Henry Hillman, Jr.
at Elizabeth Leach Gallery (Portland, Oregon)
by Richard Speer

Somewhere within Henry Hillman, Jr.’s Glass Castings, the prehistoric and futuristic meet.  Their elemental geometries evoke primordial symbology, even as their immaculate execution and microcosmic spires and skyscrapers conjure gleaming cityscapes straight out of Lang’s Metropolis.  Holding forth with a cryptic, Stonehenge-meets-Space-Age iconicism, they seem born half of the past, half of a speculative morrow, while we, as viewer, regard them quizzically from the fixed present, struggling to fathom their inscrutable designs.  Based in Portland, Oregon, Hillman has been creating enigmas in glass since 1982, beginning in earnest but eventually becoming one of a handful of large-scale glass artists nationally to cast pieces from the sand up, tinting and hand-firing transparent glass blocks (often in excess of six inches thick) in custom-engineered kilns.

These blocks make up the foundation of the eight works presented at Elizabeth Leach, three of which are what the artist dubs “architectonic towers,” girdered in their construction, imposing in their sheer scale.  Plum Counter Bevel Tower stands 6.5 feet high and consists of twenty beveled glass blocks stacked one atop the other in a kind of etude to juxtaposition, the bevels alternating directionality, right to left, as they ascend.  Of Blue Green Convex Tower’s 21 blocks, four are light blue, the rest hunter green, their chromatic placement more intuitive than considered, yet no less appealing for it.  There is a visual smoothness about this tower that nicely contrasts with Blue and Green Half Moon Tower, which is smooth only in front; Hillman has used a chisel to chip pieces off the back, such that the disconcerted viewer beholds the scarred backside through a highly polished front.  Moreover, the blocks are irregularly color-spaced as they rise upward:  two green here, one blue there, one green, and so on, terminating in three blue blocks at the crown.  While the schema makes little sense by any color-weighting standard, the sum impression could not be jauntier.  Light spills from one block to the next, mixing together as it flows through green and blue, fooling the eye into reading the components as oceanic rather than discrete, with an overarching chromatic impression of aqua.  Easily the most mesmerizing piece in the show, the work, with its pock-marked background rippling beneath a sleek fore, suggests the undulations of waves:  a vertical reef, as it were, singing of seaweed, lagoons, and lei-laden Bali-Hai reverie.  Which is to say, the whole enterprise emanates a limpid, liquid glamour firmly grounded in Romantic sensibilities, despite Hillman’s essentially minimalist modus operandi.

And then there is Green Ingot Spiral with Purple, in which bullion-like bars twist and turn a full four-and-a-half times as they climb, like a building by Santiago Calatrava.  That this and the other towers harken back to totem poles, is notable in light of the totemic imagery so prevalent among the Native populations of the Pacific Northwest/British Columbian region in which Hillman lives and makes art.  Yet it is not the totem that directly inspires the artist, but rather, as he relates in his artist statement, the Classical column, with its base, shaft, and capital.  Whether antediluvian or Greco-Roman in their creative genesis, the towers, held together by steel supports, manage to meld ancient and science-fiction arcana in the same mien.  One thinks of the famous monolith in Clarke’s and Kubrick’s 2001:  A Space Odyssey, so basic in its primal geometry as to strike awe-dumbed fear in the hearts of ape and man, yet so preternaturally faultless in execution as to evince intelligent design.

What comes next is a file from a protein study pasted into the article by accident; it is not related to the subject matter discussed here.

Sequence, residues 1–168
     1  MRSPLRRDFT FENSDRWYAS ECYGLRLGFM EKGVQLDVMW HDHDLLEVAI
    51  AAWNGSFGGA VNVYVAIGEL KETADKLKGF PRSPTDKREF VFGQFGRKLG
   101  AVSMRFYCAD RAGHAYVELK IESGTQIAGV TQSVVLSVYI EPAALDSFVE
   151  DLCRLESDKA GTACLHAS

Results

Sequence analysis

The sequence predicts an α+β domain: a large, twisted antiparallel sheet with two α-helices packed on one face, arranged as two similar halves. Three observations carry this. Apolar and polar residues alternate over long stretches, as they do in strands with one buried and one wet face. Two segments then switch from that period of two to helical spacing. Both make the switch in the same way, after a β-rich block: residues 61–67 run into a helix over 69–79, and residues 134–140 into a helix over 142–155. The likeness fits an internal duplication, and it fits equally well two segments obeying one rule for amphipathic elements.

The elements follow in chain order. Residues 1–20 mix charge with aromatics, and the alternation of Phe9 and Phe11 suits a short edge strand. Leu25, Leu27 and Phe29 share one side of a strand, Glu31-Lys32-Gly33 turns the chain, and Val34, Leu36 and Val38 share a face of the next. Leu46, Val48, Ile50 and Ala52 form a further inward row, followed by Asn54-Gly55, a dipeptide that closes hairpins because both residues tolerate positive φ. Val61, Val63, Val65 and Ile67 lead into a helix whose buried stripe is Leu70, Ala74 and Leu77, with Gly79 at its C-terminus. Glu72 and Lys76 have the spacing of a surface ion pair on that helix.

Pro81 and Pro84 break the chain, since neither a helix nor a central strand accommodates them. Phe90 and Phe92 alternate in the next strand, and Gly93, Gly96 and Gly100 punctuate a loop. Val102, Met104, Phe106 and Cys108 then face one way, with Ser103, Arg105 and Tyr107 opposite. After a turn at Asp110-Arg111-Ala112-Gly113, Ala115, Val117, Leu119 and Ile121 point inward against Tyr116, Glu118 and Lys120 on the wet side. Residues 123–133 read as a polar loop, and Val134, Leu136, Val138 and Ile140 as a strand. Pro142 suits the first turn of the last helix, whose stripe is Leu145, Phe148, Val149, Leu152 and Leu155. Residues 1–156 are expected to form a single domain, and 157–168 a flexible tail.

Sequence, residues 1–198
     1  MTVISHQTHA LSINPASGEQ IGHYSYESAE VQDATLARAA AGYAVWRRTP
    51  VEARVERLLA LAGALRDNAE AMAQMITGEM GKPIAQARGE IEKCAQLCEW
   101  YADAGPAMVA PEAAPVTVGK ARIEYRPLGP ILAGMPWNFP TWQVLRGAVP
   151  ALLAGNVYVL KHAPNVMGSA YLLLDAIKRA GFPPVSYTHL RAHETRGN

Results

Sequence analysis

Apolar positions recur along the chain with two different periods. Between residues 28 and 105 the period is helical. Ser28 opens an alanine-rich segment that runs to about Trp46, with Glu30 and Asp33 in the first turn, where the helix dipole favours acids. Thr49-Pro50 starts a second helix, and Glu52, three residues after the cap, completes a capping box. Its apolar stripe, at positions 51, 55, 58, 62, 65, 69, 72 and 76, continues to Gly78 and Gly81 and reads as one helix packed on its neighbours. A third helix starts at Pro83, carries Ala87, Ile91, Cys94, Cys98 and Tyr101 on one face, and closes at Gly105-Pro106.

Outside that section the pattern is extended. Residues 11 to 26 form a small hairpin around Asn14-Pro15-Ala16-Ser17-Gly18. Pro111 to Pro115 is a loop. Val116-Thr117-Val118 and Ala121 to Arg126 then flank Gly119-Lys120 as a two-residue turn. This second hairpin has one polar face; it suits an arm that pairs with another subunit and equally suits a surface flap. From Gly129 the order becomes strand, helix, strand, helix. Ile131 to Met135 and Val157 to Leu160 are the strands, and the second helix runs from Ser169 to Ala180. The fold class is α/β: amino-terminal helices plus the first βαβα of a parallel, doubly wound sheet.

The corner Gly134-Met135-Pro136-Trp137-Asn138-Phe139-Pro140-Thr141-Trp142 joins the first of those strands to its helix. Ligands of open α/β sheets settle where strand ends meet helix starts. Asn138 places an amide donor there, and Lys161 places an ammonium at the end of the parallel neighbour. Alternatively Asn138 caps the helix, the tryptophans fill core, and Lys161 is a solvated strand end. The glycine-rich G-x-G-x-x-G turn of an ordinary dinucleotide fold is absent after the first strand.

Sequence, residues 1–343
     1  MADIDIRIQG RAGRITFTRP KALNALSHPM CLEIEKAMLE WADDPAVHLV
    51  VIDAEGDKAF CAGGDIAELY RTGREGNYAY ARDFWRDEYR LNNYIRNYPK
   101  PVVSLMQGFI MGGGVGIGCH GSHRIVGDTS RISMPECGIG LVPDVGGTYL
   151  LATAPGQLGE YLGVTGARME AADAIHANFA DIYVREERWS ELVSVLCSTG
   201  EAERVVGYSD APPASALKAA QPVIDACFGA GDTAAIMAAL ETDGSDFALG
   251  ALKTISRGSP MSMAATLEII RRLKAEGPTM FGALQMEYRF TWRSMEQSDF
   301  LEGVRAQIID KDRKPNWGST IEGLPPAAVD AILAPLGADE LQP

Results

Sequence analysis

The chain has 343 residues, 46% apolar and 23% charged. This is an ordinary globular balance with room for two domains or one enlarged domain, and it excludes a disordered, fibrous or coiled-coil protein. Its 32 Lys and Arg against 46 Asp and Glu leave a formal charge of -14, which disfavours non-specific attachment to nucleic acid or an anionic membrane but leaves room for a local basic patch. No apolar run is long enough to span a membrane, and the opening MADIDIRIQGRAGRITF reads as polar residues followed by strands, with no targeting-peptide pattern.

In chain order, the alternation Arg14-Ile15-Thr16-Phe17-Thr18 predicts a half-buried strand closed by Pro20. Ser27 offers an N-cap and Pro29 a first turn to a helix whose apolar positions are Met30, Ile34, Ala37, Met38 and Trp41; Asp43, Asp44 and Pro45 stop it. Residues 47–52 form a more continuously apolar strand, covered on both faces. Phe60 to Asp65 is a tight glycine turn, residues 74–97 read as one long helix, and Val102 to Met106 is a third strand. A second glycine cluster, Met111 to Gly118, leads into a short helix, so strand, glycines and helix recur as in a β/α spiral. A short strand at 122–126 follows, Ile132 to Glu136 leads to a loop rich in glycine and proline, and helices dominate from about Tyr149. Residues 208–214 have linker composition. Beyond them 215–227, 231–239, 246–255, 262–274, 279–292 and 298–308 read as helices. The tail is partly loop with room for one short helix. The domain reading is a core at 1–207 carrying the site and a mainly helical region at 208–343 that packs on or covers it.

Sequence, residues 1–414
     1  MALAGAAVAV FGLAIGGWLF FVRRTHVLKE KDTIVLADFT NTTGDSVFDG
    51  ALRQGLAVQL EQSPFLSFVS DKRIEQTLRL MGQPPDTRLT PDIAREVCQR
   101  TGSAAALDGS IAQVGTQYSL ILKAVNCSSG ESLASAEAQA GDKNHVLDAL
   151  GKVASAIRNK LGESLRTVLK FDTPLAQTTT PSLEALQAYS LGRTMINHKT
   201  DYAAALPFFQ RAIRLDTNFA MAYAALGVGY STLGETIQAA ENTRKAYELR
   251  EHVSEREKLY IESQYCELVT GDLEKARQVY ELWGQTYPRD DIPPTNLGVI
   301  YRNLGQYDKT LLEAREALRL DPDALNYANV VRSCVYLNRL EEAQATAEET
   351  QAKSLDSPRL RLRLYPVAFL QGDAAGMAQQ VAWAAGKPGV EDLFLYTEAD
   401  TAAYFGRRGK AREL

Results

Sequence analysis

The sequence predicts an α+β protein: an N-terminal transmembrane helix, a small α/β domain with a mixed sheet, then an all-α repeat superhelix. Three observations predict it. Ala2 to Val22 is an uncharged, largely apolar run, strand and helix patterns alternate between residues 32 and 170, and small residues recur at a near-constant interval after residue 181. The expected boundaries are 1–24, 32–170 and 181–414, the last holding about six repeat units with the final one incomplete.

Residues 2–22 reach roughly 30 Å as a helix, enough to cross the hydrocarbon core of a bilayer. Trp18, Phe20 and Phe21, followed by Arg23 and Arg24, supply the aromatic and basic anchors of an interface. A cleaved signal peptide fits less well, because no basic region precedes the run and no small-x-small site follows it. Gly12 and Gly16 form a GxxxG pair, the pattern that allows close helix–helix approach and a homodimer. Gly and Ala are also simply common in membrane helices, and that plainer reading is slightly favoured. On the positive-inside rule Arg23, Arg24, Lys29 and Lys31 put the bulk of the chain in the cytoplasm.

Unlike that monolith, however, Hillman’s works, far from black and brooding, are brilliantly colored in jewel tones of citrine, emerald, and blue topaz.  Their titles, such as Light Green, Yellow Top, have a dry utility that belies the subtleties of their hues and the way in which their colors shift, often radically, according to the vantage from which they are regarded.  Many of the smaller pieces feature inclusions inserted during the casting process.  In one such piece, Light Green Bevel, Yellow and Blue Inclusions, a dramatic inclusion stares out unnervingly like a giant eyeball with a transparent pupil, lapis-colored iris, and fierce yellow where the whites should be.  On either side of the quadrilateral Blue with Two Inclusions, greenish protrusions bulge out as bubbles dance within the transparent interior, a space that Hillman calls “the fourth dimension” and whose properties he pointedly exploits across his output.  It is this inner space, combined with the Lego-like piling of element upon element, that the artist employs in pursuit of his stated goal, “a balance between architecture, craft, construction, and fine art.”  In his soaring towers, the physicality that informs his casting process, and his seemingly naïve flair for evocative forms, Hillman is achieving the synthesis he seeks, one block at a time.


—A contributing critic to ARTnews and Art, Ltd., Richard Speer is the author of Matt Lamb: The Art of Success (John Wiley & Sons) and is visual arts critic at Willamette Week, the Pulitzer Prize-winning alternative weekly in Portland, Oregon.  He has written about cultural matters for Newsweek, Salon, The Los Angeles Times, and Opera News.